I attended a funeral of a co-worker yesterday. Ken Rush served his church, denomination, and Christian higher education. At his funeral, he was lauded for living a life faithfully to Christ, from start to the end–even through his cancer. It was moving.
As a kid I didn’t attend many funerals. Not sure if that was because I didn’t like them (I didn’t) or because culturally kids were kept away. Anyway, some of the most memorable services I’ve attended have been funerals for beloved saints.
While the pain and grief are not good, the funeral affords me a time to reflect on our mortality, God’s goodness and message of hope in the life of the Christian. They are important since they remind us what IS important. We get so carried away with life that we forget how short and fragile it is, and that this life is not the main event.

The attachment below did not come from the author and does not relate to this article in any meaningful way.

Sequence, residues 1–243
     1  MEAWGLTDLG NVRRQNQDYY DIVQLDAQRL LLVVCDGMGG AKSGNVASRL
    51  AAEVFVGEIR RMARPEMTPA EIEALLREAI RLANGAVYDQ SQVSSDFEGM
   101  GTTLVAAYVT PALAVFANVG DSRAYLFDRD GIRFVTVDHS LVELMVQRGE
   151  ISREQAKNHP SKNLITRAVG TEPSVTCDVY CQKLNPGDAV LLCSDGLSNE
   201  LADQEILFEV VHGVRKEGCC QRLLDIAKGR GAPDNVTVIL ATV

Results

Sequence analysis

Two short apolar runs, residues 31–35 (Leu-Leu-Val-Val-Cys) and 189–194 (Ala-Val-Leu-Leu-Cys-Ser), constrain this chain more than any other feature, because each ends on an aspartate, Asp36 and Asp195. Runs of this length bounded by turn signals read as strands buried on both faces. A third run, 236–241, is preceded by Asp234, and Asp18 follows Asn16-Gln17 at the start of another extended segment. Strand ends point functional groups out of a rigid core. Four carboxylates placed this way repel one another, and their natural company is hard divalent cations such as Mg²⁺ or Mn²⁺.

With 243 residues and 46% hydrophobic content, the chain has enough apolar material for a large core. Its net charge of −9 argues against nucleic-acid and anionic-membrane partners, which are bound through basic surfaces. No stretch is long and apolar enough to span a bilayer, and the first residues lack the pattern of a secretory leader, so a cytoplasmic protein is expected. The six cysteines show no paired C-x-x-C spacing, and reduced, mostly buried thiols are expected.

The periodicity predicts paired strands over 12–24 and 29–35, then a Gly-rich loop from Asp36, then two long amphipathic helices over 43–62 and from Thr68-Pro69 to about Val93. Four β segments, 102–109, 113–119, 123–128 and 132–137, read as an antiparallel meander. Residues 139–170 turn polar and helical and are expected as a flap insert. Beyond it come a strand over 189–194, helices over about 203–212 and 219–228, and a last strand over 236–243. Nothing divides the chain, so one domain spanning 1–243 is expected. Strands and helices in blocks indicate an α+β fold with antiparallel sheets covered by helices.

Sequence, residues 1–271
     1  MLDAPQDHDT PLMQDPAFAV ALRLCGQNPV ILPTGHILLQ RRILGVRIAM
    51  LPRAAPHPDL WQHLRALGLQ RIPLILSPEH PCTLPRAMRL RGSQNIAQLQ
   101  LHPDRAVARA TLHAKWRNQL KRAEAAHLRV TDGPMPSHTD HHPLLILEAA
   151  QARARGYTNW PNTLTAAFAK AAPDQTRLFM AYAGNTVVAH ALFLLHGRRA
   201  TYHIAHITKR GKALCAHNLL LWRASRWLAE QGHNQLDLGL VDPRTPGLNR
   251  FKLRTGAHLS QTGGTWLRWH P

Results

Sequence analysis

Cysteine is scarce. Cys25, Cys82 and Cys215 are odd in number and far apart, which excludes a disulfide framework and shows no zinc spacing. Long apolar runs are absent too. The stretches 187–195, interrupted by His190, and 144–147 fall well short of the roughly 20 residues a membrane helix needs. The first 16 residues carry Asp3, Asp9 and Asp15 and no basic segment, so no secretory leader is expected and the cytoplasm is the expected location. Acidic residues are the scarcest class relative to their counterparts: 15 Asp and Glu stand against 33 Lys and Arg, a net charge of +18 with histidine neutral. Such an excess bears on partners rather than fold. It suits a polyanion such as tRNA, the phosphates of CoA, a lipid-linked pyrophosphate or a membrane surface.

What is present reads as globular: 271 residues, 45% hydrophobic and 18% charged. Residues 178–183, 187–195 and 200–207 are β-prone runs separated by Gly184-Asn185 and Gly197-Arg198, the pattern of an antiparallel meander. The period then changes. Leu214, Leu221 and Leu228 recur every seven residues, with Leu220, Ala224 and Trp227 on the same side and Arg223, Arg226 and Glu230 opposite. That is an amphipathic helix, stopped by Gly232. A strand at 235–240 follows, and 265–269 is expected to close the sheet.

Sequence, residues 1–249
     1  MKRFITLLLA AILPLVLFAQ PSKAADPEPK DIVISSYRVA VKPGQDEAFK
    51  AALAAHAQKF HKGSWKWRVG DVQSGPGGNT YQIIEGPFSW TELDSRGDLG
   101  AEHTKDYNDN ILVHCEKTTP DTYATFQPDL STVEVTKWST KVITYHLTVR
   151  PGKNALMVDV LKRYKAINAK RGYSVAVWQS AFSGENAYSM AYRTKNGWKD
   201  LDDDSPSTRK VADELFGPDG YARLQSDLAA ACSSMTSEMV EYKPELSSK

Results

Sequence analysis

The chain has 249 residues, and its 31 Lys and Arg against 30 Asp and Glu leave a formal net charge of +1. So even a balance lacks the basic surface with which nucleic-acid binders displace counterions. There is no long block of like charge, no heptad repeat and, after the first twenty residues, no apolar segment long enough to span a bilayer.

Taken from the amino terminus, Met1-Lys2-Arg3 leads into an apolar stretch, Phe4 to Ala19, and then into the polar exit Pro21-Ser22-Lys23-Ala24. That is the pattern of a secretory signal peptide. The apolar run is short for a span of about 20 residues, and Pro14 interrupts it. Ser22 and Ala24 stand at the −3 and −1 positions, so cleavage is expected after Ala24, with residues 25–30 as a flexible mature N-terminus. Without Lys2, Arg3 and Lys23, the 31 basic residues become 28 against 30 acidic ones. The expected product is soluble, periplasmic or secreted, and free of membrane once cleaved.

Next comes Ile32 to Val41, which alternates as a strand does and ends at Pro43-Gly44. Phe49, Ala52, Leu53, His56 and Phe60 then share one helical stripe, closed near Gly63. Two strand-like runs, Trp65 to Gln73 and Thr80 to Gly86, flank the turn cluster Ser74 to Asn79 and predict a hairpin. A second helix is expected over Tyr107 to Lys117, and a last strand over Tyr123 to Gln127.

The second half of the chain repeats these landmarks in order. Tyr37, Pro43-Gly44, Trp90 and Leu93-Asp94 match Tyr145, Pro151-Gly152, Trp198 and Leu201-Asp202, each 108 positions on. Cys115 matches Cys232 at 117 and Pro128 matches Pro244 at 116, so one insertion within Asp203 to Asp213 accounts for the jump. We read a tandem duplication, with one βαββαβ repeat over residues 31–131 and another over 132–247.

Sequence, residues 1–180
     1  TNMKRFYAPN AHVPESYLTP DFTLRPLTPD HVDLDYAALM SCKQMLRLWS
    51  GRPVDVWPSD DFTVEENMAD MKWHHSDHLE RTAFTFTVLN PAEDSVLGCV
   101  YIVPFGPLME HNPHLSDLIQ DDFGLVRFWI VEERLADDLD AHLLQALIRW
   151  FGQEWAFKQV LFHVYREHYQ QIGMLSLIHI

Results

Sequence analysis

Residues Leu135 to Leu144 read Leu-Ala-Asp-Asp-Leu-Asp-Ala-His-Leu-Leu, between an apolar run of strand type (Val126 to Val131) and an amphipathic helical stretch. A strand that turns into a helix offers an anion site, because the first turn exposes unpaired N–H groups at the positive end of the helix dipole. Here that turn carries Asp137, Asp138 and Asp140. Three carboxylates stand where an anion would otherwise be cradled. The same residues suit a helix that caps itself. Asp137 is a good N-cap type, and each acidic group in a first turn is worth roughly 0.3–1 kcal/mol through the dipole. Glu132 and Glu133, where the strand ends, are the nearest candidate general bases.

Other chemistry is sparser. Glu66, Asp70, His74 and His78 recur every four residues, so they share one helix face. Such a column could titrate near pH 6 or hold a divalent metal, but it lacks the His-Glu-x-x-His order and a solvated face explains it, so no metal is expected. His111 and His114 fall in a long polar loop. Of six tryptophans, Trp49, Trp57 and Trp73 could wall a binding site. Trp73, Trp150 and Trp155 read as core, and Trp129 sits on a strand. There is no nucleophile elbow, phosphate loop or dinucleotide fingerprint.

2 responses to “On Funerals”
Ecclesiastes 7:2-4 – “It is better to go to a house of mourning than to go to a house of feasting,
because that is the end of every man, and the living takes it to heart. Sorrow is better than laughter, for when a face is sad a heart may be happy. The mind of the wise is in the house of mourning, while the mind of fools is in the house of pleasure.” I didn’t really appreciate that passage until I had to give the opening address at my Mom’s memorial service, and was able to really reflect on the quality of her faith and the legacy she gave me. Grieving can be such a healthy, cleansing and clarifying experience for the soul. So many of the clients I work with struggle with rage, resentment and depression, in part, because they’ve never been taught how to do “sorrow work”, never had an influential example of how to truly grieve over loss and disappointment. Perhaps there may have been a time when personal grieving was better understood…maybe that’s when funerals were more instructive to the common man.
“At a funeral you will see an incredible range of emotions expressed only by those who are above the ground.”